Saturday, June 28, 2008

Your Questions Answers about Thick Bars

Thick bars benefit everyone but particularly anyone you want to increase strength in or overcome a strength plateau.

Using a thick bar affects strength by about 12% but you get great gains. Meaning if you bench press 200 with a regular bar, 185 will feel as hard as 200 lbs with a thick bar.

At the PPC we used ALL thick bar DB's exclusively, thick bar EZ curl bars exclusively and had options for thick bar chinups (Poliquin Atltantis brand squat rack), thick bar attachments for cables and many thicknesses of thick barbells.

You do not want to use them for squats / front squats or leg movements at all except for thick bar deadlifts (which affect your strength by as much as 50%... for smaller hand people / women even more). For example, I pull about 275-300 in the deadlift and could barely get to 100 lbs with the tick bar... and my forearms were TRASHED for days. It was awesome.

You would also not use them for Olympic lifts such as cleans, snatches, and we did not use them for Snatch grip deadlifts but you certain could. Grip on the deadlifts are double overhand of course.

We used the thick bar EZ curl for "scull crushers", curls, overhand curls I had experience in my training programs (and my clients) using thick bar for bench press (also with chains or weight releasers added), close grip bench, overhead press, decline bench press (slight decline only... 10 to 20 degree).

Stick to rep ranges for strength (ie relative strength parameters) or hypertrophy (functional hypertrophy or hypertrophy parameters) but simply substitute thick bar implements. Be careful at first as the forearms, particularly extensors really take a hit. It can cause problems.

So for someone new, implement one or two thick implements at a time. Perhaps a thick bar bench press and maybe thick bar chins or pullups on another day (you can use Tyler Grips... google them if you do not have a thick chinup bar... ).

At the PPC we started with just having new clients get used to the thick DB's ... they are amazing. Or you may add TYler Grips to all your DB work for a phase. Then implement one or two other thick bar options in the training program Phase 2 and so on. You will get carry over to your lifts.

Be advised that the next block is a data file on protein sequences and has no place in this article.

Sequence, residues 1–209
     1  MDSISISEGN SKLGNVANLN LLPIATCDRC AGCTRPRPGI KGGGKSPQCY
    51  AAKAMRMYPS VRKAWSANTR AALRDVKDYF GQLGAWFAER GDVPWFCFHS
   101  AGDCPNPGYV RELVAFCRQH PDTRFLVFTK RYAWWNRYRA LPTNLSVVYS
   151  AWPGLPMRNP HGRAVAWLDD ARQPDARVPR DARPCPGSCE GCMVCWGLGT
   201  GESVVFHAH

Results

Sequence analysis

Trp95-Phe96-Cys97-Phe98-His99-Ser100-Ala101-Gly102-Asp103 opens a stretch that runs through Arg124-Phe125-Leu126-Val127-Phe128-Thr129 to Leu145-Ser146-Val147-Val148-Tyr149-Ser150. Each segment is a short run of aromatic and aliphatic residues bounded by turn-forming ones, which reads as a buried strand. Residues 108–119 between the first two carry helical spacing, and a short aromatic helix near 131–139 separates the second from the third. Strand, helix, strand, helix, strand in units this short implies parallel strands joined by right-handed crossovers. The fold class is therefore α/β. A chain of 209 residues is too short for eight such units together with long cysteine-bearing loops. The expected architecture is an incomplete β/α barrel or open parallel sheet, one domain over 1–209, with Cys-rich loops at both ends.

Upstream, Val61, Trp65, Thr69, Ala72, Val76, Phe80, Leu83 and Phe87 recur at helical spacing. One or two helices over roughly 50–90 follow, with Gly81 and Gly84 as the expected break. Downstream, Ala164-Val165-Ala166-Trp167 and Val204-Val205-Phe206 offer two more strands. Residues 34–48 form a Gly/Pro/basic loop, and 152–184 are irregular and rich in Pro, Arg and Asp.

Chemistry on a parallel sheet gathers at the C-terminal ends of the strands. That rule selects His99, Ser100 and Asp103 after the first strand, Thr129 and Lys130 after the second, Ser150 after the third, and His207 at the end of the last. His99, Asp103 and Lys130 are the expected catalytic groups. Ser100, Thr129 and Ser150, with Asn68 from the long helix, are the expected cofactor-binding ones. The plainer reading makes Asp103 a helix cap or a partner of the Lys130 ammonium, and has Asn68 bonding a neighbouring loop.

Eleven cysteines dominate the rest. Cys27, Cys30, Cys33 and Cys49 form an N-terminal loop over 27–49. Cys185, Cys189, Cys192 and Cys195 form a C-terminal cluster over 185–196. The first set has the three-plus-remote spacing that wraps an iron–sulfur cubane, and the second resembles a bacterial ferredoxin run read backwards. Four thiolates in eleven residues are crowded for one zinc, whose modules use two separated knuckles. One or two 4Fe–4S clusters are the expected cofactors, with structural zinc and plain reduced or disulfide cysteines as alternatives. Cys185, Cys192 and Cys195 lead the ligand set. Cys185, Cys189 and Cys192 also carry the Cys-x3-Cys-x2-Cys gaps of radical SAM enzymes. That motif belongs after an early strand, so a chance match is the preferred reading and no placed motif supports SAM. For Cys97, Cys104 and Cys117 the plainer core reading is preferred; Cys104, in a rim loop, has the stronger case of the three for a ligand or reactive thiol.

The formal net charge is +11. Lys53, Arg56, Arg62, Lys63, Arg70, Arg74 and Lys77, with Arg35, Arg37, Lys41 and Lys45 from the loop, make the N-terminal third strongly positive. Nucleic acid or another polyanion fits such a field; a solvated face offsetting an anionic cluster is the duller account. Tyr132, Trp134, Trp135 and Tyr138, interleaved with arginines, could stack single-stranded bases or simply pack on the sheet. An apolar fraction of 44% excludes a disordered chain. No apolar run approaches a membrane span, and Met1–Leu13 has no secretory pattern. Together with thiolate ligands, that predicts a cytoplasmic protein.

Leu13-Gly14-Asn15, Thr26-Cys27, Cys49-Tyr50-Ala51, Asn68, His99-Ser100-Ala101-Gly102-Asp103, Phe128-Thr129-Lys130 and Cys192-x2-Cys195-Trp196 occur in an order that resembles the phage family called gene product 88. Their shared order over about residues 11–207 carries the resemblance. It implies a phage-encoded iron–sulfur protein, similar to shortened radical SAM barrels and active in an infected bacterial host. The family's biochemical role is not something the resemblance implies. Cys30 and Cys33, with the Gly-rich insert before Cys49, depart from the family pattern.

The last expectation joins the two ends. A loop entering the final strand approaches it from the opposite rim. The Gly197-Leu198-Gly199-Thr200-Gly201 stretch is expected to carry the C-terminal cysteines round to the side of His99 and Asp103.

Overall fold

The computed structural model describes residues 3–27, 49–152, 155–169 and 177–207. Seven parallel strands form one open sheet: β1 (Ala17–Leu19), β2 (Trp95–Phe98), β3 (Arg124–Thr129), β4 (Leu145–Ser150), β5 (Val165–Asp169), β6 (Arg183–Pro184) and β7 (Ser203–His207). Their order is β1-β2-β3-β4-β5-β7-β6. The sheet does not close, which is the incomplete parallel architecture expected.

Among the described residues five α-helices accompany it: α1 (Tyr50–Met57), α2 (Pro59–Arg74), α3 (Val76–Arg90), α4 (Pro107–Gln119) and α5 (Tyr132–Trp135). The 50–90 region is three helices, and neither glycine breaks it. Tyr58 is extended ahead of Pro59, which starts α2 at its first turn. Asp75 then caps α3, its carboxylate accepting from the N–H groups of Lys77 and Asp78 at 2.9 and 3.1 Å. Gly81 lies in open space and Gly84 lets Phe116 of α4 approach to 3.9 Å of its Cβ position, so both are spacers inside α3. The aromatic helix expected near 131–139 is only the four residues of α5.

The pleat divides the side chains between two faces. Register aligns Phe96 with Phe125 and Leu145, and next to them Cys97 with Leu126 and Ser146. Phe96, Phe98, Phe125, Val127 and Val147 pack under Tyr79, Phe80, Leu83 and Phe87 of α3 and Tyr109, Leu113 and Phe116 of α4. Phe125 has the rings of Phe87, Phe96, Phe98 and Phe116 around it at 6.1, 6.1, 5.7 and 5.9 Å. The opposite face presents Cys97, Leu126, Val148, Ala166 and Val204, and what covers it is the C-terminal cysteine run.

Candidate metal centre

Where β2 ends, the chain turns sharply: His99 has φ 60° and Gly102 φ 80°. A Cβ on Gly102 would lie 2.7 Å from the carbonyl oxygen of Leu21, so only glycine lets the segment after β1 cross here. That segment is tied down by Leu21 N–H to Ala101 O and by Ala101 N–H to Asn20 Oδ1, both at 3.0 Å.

However, I do not do TOO much thick bar bench pressing with powerlifters. When I went back to a competition bar it initially affected me in negative ways. I felt like I was gripping a twig. It took me a good 3 workouts to feel "normal" again and it did affect my stability. However it was worth it as my raw bench press had increased by about 5 to 10%. So you must consider the transition time - including thick bar world duing a lengthly off season would be wise for powerlifters.

Don't change too many variables... Simple works best longest.

I would rather go from a regular bench press to a thick bar press, then an incline press with thick bar (10 degree) in 3 phases than take jump from regular bench press to a thick bar 10 degree incline press. Depends on the person too, but that is a general rule of thumb.


F D wrote:

Hello, Krista. I was having a discussion about thick bar training with a gentleman at my gym today and when I got home, my girlfriend, who is an avid reader of your articles on , suggested that I contact you and ask for your take on the following questions.

I'd appreciate your input on as few or as many of these questions as you see fit and have time to answer, but I definitely understand if you're too busy to reply to this message.

Do you have any "rules",guidelines, and/or do's and don'ts when it comes to deciding when to replace more traditional diameter bars, dumbbells, and cable attachments(1 and 1/16", 1 and 3/8", for example) with ones of 2" diameter or greater?

Would you recommend regular usage of thick bars for athletes more so than bodybuilders or would they potentially benefit both groups equally? Are there movement patterns from the following list(elbow flexion, elbow extension, horizontal pressing and pulling, vertical pressing and pulling, hip dominant movements such as conventional and snatch-grip deadlifts, humeral abduction, etc.) that you'd use them on for maximum benefits and others that you'd avoid using them for ?

I've been especially curious as to how the main goal of a given training phase, such as strength or hypertrophy, might affect the choice of bar diameter used. And lastly, do you consider bar diameter enough of a change when switching exercises after, say 3-4 weeks, or do you think another exercise variable such as grip positioning angle should be slightly altered as well.......i.e. a 10-degree incline press with a regular bar swapped out for a 2" diameter bar 10-degree incline press in a subsequent phase versus a 10-degree incline press with a regular bar swapped out for a 2"-diameter bar 30-degree incline press in a subsequent phase.

I would greatly appreciate any information that you would be kind enough to share on these topics and thank you for your time.


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